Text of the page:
Wednesday, July 26, 2017

Monday, July 24, 2017

Africa Is Islamic Banking's New Frontier

Islamic banking in AfricaAfrica is Islamic banking’s new frontier

But the barriers to entry are high
IN 2008 Ethiopia’s conservative central bank experimented: it authorised interest-free banking. Interest is prohibited under sharia law, so the move was lauded as a step towards expanding financial services for the country’s large and often poor Muslim minority. But momentum soon stalled. An attempt to launch a fully-fledged Islamic bank foundered. Today most of Ethiopia’s big commercial banks offer a narrow range of Islamic financial products, but to few customers. Islamic finance in Ethiopia was stillborn.
Outside Africa, Islamic finance is in much healthier condition. Between 2007 and 2014, the sector tripled in size (although growth has slowed lately). Total assets are around $1.9trn. Sub-Saharan Africa accounts for less than 2% of this, yet it should be especially fertile territory. The continent’s Muslim population is 250m and growing. And according to the World Bank, as many as 350m Africans do not have a bank account.

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Several countries are vying to become African hubs for Islamic finance. Kenya, with a much smaller Muslim population than Ethiopia, has three Islamic banks, as well as an Islamic insurance company. A further five conventional banks offer sharia-compliant products through dedicated Islamic “windows”. In December Kenya joined the Islamic Financial Services Board, a Malaysia-based regulatory body.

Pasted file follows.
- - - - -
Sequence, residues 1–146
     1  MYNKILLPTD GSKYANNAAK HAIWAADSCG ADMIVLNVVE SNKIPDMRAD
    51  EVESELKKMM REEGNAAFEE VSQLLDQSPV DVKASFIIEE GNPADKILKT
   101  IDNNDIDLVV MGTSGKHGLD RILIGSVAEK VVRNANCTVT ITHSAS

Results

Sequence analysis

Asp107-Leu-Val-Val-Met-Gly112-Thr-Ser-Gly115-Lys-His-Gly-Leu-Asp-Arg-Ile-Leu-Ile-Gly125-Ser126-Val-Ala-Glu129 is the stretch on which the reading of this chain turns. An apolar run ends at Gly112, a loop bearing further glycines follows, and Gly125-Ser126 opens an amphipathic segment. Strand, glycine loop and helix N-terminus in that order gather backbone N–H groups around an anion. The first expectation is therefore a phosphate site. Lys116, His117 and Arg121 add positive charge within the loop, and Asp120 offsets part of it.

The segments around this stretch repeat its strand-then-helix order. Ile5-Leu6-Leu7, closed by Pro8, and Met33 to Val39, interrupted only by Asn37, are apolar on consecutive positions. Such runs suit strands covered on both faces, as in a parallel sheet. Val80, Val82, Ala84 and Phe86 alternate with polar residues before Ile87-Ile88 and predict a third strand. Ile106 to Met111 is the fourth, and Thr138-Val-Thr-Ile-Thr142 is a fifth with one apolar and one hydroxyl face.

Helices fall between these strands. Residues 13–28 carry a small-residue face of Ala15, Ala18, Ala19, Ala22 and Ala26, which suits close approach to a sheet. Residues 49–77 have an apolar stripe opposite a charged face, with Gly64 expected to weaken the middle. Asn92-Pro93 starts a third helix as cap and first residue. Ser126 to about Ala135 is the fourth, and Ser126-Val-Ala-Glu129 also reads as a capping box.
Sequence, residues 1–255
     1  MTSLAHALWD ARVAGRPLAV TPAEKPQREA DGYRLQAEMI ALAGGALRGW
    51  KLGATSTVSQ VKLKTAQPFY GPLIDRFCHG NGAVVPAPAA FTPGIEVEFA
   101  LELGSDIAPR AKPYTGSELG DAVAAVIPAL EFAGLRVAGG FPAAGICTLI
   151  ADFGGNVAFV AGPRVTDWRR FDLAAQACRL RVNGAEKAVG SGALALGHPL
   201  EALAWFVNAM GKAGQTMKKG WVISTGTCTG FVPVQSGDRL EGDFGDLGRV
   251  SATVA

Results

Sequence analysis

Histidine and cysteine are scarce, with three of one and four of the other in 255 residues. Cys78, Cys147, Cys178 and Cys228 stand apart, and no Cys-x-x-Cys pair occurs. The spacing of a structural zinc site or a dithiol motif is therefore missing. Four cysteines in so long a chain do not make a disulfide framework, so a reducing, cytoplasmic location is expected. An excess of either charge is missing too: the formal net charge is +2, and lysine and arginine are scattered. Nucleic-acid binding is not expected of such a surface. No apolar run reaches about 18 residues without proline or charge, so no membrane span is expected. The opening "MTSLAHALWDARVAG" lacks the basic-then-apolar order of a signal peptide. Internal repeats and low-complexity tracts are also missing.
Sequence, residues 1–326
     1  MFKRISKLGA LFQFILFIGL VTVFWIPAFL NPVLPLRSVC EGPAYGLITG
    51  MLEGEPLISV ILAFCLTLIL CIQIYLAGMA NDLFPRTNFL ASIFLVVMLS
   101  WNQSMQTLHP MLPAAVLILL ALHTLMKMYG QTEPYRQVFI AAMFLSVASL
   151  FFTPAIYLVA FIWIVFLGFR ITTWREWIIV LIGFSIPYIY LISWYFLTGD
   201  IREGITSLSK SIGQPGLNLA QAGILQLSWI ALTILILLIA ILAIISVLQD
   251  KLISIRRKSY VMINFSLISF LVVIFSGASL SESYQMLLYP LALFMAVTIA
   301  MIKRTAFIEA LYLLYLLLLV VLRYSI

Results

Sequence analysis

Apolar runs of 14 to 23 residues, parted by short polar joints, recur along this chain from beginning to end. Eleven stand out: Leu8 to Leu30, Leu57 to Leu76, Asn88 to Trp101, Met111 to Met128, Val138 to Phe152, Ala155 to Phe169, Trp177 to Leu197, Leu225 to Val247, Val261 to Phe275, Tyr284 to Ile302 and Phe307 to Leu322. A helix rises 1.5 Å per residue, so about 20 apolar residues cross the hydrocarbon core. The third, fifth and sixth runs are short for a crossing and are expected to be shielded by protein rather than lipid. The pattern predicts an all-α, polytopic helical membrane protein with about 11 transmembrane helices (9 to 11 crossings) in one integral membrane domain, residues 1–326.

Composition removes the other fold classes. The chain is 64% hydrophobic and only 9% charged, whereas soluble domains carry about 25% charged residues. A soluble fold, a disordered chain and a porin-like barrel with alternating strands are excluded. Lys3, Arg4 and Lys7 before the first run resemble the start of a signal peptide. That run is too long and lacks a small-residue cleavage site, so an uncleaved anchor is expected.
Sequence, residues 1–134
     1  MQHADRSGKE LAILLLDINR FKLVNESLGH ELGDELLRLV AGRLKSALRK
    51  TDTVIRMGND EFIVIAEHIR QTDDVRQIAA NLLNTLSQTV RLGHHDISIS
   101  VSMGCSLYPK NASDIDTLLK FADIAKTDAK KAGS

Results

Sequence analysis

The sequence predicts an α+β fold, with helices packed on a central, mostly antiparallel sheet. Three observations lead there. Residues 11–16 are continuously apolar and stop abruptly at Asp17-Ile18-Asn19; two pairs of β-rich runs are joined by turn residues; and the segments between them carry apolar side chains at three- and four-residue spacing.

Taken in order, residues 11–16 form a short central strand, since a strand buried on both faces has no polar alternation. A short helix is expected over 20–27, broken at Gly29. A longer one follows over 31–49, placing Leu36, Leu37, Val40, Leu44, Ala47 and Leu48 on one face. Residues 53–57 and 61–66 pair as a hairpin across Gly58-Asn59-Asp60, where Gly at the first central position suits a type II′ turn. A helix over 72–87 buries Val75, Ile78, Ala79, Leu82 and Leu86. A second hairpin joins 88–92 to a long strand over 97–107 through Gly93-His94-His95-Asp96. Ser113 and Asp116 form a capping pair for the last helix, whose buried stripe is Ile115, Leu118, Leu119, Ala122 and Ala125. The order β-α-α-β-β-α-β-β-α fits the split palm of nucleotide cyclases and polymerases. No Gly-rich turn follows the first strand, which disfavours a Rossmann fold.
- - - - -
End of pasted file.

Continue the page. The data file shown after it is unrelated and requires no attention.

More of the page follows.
It is also hopes to issue a sovereign sukuk, Islam’s answer to bonds, this year or next. This will raise funds for infrastructure (sharia requires sukuksto be linked to ownership of a physical asset), and help foster an Islamic capital market. Nigeria, which has one Islamic bank, plans to do the same. Senegal issued its first (oversubscribed) sukuk in 2014, raising $208m. The same year South Africa raised $500m in Africa’s first international Islamic bond issue. Total issuance in Africa in 2016 was $1.3bn, comprising issues from Senegal, Côte d’Ivoire and Togo.
Sovereign sukuks are one thing, a sharia-compliant industry serving the private sector quite another. In north Africa, where Muslims make up as much as 96% of the population, Islamic finance has long been held back by a fear that it means introducing sharia law though the back door.